Old School Kitchen

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By Dominique McIndoe

A rising tide floats all boats. That is to say, that the efforts of a few to help those in need can have a positive impact on a community as a whole.

This is a mantra that Old School Kitchen lives by. As a collaborative project that’s been in the making for a year, Old School Kitchen is as its name suggests: a labor of love, food, hospitality and giving. Their goal is to combat food insecurity in Prince William and the greater Northern Virginia area. The commissary kitchen in Haymarket was officially founded by Zandra’s Taqueria, Georgetown Caterers and QBE Foundation.

Making a Way out of No Way

It’s no surprise that the COVID-19 pandemic played a part in spearheading the creation of Old School Kitchen. In early March of 2020, the big catering kitchen located behind Zandra’s Haymarket location — in what used to be the Pace West School building — became available and was subsequently incorporated into their expansion. Miguel Pires, owner of Zandra’s and cofounder of the Old School Kitchen, says they were initially going to use the space as a centralized location to distribute food to all of Zandra’s locations — Manassas and Fairfax, along with Haymarket. Then the pandemic hit American shores and production came to a screeching halt.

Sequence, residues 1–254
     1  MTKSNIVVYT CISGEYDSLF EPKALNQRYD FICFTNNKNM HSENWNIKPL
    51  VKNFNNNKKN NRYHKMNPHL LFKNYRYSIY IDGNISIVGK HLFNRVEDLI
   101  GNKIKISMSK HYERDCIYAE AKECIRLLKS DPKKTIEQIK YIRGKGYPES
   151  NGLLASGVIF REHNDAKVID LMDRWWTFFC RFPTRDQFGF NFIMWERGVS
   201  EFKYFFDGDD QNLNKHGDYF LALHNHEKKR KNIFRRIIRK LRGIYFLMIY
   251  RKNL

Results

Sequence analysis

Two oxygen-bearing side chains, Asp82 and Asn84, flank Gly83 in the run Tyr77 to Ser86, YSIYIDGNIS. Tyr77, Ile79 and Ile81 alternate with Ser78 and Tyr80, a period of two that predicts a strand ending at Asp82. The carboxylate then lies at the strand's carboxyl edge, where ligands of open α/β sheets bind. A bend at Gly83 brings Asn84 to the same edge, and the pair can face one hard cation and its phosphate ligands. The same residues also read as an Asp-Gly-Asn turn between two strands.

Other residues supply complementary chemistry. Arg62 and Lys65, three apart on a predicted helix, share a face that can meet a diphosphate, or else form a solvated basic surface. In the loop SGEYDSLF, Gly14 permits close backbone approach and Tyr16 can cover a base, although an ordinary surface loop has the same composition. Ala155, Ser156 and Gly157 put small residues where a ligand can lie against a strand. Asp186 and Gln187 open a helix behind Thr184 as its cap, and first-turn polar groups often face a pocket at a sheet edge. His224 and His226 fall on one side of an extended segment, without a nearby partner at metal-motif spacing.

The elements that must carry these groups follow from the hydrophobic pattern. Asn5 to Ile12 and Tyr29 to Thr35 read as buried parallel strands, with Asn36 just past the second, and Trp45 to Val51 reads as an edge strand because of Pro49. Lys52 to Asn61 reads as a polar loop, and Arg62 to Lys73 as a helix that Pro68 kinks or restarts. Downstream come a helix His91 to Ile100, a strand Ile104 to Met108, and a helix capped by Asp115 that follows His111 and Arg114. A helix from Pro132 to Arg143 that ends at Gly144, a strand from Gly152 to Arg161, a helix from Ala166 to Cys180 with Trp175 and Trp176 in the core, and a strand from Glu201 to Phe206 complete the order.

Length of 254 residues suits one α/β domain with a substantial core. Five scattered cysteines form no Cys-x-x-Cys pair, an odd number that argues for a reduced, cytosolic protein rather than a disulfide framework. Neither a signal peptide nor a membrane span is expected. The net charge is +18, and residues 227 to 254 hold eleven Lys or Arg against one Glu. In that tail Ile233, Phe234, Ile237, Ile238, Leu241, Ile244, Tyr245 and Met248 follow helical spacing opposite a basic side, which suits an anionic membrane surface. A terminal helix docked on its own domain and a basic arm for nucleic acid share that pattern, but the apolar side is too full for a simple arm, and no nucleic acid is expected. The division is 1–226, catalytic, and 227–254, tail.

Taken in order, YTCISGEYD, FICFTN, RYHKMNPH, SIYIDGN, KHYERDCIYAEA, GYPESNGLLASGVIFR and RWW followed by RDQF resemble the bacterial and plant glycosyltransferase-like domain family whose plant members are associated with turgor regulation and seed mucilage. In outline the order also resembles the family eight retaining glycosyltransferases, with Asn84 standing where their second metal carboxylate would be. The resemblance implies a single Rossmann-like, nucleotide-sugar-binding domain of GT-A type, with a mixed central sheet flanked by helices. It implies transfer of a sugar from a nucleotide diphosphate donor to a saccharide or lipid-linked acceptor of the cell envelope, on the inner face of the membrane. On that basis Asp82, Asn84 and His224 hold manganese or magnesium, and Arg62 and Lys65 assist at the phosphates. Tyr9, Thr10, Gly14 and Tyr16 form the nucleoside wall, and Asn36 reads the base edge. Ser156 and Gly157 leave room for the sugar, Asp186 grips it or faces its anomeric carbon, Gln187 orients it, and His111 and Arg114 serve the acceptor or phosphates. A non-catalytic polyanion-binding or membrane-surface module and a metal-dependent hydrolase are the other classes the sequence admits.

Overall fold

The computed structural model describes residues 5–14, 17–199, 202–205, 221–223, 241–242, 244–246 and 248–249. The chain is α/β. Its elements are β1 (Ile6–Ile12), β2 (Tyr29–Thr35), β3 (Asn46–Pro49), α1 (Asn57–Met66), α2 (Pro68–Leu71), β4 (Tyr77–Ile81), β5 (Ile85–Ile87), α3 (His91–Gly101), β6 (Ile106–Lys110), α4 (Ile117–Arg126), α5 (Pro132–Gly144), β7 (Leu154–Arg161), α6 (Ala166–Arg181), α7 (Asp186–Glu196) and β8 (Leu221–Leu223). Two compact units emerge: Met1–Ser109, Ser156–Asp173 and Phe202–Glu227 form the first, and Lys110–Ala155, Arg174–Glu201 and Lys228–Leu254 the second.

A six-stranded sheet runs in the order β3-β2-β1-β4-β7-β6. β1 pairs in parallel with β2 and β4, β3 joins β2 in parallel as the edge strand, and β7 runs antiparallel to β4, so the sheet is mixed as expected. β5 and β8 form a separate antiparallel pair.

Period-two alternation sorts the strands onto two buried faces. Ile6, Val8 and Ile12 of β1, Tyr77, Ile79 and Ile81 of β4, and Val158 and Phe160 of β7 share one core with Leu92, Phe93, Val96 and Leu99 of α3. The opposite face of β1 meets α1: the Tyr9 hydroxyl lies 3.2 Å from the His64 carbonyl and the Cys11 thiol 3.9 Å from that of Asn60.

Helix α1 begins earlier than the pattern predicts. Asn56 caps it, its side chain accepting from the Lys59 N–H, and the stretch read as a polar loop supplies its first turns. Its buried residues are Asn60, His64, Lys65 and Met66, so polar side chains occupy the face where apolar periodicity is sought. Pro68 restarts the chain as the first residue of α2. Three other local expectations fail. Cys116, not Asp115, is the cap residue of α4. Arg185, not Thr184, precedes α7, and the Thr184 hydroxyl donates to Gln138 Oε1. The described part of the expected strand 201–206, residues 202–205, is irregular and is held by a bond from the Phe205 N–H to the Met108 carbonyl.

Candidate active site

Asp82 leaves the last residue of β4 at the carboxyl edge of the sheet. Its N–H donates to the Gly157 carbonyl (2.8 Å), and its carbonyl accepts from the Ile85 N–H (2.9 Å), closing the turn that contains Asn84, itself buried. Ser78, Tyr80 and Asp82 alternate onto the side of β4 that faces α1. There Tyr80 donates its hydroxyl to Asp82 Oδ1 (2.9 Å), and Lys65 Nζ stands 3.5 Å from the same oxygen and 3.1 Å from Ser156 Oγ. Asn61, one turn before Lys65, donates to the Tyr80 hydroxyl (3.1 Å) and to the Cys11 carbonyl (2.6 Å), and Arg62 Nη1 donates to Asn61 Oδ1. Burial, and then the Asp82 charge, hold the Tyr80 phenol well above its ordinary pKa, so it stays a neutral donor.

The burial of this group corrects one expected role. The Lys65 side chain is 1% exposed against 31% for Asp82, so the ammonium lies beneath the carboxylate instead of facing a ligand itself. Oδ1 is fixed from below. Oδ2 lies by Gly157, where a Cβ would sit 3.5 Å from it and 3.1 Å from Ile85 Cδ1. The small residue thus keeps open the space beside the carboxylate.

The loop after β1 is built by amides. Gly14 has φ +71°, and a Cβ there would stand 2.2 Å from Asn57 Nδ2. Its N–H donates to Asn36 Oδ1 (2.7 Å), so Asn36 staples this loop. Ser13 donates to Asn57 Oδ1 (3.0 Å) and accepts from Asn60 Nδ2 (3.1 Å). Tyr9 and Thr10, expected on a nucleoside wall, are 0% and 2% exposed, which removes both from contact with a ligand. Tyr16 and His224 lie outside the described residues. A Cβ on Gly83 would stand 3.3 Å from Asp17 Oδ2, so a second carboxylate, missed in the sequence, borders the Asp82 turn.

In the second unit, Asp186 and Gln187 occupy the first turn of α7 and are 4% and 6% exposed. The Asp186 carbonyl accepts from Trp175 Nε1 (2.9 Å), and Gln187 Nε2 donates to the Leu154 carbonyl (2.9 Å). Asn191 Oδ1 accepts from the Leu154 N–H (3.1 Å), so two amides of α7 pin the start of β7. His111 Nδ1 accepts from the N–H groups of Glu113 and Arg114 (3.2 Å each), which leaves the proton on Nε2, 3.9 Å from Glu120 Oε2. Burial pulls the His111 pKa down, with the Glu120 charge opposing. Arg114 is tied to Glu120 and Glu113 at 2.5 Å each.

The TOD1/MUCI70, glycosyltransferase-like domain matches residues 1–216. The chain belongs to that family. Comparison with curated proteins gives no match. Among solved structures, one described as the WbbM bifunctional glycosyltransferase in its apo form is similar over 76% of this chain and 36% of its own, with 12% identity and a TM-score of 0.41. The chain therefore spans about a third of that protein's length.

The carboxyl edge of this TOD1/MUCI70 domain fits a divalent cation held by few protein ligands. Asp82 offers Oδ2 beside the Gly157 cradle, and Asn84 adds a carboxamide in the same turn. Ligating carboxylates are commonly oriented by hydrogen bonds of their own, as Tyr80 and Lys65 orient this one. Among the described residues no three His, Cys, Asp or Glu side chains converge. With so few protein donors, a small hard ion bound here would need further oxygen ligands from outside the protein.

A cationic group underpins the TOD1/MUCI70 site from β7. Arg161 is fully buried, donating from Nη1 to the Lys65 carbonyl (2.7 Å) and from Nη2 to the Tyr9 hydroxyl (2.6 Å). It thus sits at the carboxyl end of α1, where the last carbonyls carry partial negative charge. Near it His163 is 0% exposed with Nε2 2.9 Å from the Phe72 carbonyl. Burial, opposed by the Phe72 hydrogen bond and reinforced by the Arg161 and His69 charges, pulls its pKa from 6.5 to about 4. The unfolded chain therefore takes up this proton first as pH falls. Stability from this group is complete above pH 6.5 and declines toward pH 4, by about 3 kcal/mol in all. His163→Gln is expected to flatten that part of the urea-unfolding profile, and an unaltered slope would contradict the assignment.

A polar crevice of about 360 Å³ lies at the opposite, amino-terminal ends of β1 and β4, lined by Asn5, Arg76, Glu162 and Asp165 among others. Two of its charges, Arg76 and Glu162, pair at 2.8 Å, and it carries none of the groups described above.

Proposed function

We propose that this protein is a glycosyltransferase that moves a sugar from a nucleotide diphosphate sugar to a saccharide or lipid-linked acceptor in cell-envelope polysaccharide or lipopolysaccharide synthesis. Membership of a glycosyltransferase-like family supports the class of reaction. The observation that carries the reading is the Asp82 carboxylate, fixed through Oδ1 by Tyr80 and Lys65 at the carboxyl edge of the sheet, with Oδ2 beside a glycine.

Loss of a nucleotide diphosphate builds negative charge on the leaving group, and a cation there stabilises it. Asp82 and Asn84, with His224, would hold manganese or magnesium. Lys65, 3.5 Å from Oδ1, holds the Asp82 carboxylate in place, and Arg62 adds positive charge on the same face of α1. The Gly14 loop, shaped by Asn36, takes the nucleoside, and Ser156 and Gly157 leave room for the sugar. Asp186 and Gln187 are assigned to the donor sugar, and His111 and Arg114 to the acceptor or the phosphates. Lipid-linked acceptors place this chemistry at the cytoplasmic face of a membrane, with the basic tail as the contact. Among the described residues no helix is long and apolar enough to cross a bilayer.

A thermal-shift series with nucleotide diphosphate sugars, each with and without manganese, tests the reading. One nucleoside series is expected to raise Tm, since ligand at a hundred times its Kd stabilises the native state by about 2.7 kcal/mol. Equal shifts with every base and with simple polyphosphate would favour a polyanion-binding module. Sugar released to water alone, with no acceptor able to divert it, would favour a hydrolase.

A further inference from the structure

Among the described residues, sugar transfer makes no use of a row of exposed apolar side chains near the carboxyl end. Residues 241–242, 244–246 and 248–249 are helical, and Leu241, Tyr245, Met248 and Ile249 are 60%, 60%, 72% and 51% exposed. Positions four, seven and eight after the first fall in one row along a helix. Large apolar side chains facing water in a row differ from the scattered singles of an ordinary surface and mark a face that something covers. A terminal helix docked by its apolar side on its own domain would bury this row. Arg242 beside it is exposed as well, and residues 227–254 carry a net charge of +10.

“The idea came about one afternoon in late March, early April, as a business grappling with what to do and how to adjust to the whole pandemic,” says Pires. “We were sitting with our landlord, QBE Foundation, and we’re saying, ‘We have to come up with a way to help out.’ And we started seeing a need for local organizations and food.” Thus, the Old School Kitchen was born.

Sharita Rouse, owner of Tummy-Yum Yum Gourmet Candy Apples, was also an early inspiration for the Old School Kitchen initiative, because in the earlier days of the pandemic, she’d been feeding hot meals to those in need from her home’s doorstep. So, Old School Kitchen offered to help prepare these meals. That was the first collaboration and partnership that really got the Old School Kitchen project going.

A Threefold Mission

The Old School Kitchen’s overarching mission is threefold. One objective was to put restaurant workers who were let go during the early days of the COVID-19 crisis back to work.

“Our objectives were to help out our team,” says Pires. They were able to bring staff back on from Zandra’s who’d been laid off. The Paycheck Protection Program, an SBA-backed loan that helped businesses keep their workforce during the crisis, helped them achieve this goal.

The second part of Old School Kitchen’s mission is to utilize and repurpose high-quality food that would have been otherwise wasted. That’s how one of Old School Kitchen’s biggest collaborators, Prince William Food Rescue, connected with them. PWFR specializes in partnering with food retailers and nonprofit organizations to bring healthy food directly to those experiencing food insecurity, and they also strive to break the link between poverty and poor health by bringing healthy options to the table of families in need.

“The Prince William Food Rescue was one of the initial donors of the food, and they would bring us palettes and palettes of food that we would transform into meals and distribute to families [with the help of volunteers]to the food pantries and church groups, and the community leaders,” says Clarke Congdon, Executive Chef at Zandra’s Taqueria and partner in Georgetown Caterers and Old School Kitchen.